Himalayan Art Resources

Item: Teacher (Lama) - Sachen Kunga Nyingpo

བླ་མ། 喇嘛
(item no. 459)
Origin Location Tibet
Date Range 1700 - 1799
Lineages Sakya
Size 36.83x26.97cm (14.50x10.62in)
Material Ground Mineral Pigment, Fine Gold Line on Cotton
Collection Rubin Museum of Art
Catalogue # acc.# F1996.16.2
Notes about the Central Figure

Classification: Person

Appearance: Lay Person

Gender: Male

TBRC: P1615

Interpretation / Description

Sachen Kunga Nyingpo (1092-1158): the foremost Lama of the Sakya School, 3rd throne holder of Sakya.

Sa chen kun ga nyin po Biographical Details

Compassionately smiling with the composure of an elder the right hand is extended forward in the gesture of generosity while the left holds to the heart the stem of a lotus flower blossoming at the left ear. Wearing flowing garments of various colours in the manner of a layman he sits, emanating a blue nimbus and red areola, atop a moon disc and white lotus seat rising on a thick green stem above a blue lotus pond.

At the top right is Sonam Tsemo (1142-1182), the eldest son of Sachen, shown in a youthful manner with long black hair, performing the teaching gesture with the two hands. To the left is Dragpa Gyaltsen (1147-1216), the second son, holding a vajra in the upraised right hand and a bell held in the left and cradled in the lap.

At the bottom right is Kunga Gyaltsen (1182-1251), the Sakya Pandita, grandson to Sachen Kunga Nyingpo. With the hands in the teaching gesture at the heart he holds the stems of two utpala flowers blossoming at both ears supporting a wisdom sword and book. Wearing the red hat of a pandit he is attired in the robes of a fully ordained monk. At the left is Pagpa Lodro Gyaltsen (1235-1280), Chogyal Pagpa, the nephew of Sakya Pandita, the first monastic ruler of Tibet. With the right hand raised in the gesture of blessing in the left he holds a Dharma wheel in the lap. Wearing the red pandit hat he also is attired in the robes of a fully ordained monk. Along the bottom are rows of wishing jewels, auspicious and precious objects arranged as offerings.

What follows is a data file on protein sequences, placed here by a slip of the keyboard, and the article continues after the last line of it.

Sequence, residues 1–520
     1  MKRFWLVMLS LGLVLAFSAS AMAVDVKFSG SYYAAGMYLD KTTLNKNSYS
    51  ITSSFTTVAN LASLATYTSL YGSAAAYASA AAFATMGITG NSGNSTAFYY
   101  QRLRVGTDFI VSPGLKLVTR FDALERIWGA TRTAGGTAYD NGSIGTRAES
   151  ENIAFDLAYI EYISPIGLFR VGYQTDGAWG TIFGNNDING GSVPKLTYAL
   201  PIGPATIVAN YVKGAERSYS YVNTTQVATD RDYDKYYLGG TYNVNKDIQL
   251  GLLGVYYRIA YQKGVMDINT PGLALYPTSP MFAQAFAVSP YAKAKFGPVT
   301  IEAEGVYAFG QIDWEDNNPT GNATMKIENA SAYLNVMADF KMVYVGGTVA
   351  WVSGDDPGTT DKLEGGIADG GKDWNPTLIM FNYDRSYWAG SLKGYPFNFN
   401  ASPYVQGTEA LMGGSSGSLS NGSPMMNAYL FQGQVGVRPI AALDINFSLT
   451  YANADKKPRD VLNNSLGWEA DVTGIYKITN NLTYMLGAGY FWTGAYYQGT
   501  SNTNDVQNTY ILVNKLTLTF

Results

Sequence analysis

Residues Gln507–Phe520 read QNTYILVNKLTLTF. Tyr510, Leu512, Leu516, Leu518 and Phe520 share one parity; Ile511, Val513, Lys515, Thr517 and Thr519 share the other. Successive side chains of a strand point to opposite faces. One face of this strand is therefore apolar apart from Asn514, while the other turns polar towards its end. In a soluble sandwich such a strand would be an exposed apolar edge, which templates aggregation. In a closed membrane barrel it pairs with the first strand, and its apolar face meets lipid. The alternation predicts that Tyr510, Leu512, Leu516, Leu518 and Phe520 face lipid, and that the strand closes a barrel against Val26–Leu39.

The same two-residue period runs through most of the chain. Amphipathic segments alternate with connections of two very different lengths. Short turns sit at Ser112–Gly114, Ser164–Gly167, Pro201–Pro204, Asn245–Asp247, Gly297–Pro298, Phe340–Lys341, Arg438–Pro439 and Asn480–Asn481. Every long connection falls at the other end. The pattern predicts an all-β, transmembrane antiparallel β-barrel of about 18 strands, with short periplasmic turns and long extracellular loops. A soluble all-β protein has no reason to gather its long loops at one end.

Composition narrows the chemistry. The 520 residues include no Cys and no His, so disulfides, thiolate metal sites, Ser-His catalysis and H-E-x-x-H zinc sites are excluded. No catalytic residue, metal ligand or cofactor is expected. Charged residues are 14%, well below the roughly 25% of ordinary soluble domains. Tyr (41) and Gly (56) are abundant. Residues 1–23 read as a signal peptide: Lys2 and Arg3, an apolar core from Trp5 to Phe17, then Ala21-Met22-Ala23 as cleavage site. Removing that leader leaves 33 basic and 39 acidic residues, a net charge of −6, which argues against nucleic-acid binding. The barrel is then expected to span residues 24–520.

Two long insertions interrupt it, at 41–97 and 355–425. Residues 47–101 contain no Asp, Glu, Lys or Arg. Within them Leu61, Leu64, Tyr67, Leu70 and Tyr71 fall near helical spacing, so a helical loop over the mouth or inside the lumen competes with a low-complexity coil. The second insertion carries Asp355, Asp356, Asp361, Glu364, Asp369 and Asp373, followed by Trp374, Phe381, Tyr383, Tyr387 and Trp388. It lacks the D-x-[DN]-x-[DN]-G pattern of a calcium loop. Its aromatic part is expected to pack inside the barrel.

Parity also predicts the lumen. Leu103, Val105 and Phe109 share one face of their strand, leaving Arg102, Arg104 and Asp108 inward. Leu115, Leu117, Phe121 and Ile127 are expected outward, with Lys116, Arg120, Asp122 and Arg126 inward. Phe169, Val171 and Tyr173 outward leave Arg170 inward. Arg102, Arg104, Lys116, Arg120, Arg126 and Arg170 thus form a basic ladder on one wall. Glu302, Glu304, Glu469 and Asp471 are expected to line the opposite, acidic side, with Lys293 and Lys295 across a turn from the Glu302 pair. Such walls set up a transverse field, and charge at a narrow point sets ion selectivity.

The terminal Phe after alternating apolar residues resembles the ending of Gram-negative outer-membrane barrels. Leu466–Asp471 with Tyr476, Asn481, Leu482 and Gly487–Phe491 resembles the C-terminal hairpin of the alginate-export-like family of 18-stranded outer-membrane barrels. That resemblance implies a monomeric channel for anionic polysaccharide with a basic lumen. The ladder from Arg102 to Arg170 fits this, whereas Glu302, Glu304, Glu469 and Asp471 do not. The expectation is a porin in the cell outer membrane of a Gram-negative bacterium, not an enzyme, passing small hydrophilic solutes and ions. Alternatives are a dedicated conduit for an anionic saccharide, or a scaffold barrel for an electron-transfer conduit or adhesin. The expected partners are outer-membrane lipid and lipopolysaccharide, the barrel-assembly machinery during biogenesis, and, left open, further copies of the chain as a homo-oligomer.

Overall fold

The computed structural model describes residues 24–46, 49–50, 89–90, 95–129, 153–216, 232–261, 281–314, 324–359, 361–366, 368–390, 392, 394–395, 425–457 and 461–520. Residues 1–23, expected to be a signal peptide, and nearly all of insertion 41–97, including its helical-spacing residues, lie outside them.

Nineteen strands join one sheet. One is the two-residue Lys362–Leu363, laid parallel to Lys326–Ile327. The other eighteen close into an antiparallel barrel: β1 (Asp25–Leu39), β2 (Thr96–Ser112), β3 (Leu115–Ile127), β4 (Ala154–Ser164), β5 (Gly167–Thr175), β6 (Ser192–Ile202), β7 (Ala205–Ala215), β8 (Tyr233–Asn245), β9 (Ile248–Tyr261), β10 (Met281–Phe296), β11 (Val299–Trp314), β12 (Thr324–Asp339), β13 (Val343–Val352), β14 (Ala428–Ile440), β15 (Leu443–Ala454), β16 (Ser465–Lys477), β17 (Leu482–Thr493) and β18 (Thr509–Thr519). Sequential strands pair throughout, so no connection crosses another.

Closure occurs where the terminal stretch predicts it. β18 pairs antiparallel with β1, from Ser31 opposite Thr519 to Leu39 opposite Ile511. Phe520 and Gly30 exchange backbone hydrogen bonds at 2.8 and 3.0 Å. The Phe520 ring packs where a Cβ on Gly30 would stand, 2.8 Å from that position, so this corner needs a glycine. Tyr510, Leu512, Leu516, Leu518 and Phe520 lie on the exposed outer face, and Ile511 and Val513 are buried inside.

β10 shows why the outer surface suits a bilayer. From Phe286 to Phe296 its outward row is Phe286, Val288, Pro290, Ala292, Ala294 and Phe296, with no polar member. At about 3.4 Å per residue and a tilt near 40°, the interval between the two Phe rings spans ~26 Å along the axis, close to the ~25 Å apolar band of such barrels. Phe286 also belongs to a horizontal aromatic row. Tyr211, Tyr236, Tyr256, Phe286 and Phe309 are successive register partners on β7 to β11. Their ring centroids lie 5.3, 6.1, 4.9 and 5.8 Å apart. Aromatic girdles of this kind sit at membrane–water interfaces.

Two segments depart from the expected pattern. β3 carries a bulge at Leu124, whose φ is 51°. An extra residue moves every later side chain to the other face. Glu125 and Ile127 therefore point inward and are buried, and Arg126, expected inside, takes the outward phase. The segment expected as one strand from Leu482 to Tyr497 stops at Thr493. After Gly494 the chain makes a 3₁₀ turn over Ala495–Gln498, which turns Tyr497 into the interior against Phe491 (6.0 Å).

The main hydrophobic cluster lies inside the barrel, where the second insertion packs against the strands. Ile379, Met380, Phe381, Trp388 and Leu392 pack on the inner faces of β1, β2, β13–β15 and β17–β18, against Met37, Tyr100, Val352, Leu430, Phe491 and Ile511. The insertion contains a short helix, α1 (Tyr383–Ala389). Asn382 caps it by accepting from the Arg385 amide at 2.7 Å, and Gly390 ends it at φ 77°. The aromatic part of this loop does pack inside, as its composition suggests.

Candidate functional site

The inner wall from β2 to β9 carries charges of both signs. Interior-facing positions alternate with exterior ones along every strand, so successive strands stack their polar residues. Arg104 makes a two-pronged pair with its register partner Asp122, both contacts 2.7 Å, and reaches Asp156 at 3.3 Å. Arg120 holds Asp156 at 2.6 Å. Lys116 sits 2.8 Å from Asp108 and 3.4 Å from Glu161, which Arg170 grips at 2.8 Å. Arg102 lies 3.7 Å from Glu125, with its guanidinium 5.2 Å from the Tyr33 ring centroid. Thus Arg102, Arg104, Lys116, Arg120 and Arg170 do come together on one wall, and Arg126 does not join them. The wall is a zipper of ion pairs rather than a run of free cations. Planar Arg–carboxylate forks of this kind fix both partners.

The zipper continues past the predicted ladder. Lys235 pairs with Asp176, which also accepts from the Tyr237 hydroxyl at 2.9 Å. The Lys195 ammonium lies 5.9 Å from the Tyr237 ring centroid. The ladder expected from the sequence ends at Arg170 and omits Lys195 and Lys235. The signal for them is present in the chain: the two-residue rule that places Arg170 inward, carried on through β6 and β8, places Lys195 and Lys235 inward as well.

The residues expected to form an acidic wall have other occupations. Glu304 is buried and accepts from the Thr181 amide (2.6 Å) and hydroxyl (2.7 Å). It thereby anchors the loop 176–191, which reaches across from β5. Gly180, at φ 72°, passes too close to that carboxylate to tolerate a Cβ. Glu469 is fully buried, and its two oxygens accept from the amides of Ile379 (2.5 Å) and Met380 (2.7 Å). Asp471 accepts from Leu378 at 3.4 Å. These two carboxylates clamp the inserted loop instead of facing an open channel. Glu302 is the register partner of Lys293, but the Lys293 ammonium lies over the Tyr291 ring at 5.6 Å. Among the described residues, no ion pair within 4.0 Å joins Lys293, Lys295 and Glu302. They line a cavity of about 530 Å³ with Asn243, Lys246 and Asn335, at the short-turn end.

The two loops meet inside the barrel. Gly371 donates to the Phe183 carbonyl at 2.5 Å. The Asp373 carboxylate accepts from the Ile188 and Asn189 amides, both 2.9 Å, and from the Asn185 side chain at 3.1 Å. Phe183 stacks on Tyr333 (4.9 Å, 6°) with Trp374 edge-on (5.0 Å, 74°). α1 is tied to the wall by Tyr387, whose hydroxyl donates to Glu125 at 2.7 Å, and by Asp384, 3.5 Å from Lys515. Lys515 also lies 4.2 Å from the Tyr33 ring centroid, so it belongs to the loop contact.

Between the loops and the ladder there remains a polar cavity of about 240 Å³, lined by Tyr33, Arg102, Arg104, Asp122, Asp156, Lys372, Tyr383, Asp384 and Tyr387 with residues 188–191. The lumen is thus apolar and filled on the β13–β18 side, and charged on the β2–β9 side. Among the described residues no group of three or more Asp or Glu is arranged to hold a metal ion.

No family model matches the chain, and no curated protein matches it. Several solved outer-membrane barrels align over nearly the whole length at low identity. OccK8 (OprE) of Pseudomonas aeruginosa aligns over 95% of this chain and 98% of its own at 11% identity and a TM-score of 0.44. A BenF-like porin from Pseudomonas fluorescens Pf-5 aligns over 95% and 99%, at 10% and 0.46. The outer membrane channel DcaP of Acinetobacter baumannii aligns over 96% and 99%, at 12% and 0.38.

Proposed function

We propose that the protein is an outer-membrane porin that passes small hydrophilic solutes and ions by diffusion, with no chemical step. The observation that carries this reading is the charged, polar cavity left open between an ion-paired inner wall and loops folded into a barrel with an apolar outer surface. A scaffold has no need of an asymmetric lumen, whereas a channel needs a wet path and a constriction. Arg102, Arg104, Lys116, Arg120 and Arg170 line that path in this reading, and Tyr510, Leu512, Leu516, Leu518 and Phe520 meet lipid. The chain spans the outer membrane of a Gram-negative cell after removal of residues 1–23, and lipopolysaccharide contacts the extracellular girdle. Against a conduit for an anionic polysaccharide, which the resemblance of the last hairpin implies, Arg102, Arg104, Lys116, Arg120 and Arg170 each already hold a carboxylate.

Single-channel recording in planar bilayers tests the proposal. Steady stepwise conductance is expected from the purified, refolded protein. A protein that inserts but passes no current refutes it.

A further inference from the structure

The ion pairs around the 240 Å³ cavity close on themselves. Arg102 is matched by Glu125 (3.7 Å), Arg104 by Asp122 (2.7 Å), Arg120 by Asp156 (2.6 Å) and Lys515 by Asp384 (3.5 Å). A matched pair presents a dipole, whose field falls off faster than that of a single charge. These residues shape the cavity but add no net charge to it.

These five as a group are called the 'Jetsun Gongma Nga' (the Five Reverend Superiors) of Sakya. The three laymen are known separately as the 'Karpo Nam Sum' (the Three White Ones). Sakya Pandita and Chogyal Pagpa are known as the 'Marpo Nam Nyi' (the Two Red Ones). At the time of these five lamas the family line which was known by the name 'Lha Rig' and 'Khon' also became known as Sakya ("White Earth") after the place where Khon Konchog Gyalpo had established his religious center.

Jeff Watt 9-98

Related Items
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Collection of Rubin Museum of Art: Painting Gallery II
Tradition: Sakya Teachers
Tradition: Sakya Founders
Teacher: Sachen Kunga Nyingpo Page
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Tradition: Sakya Main Page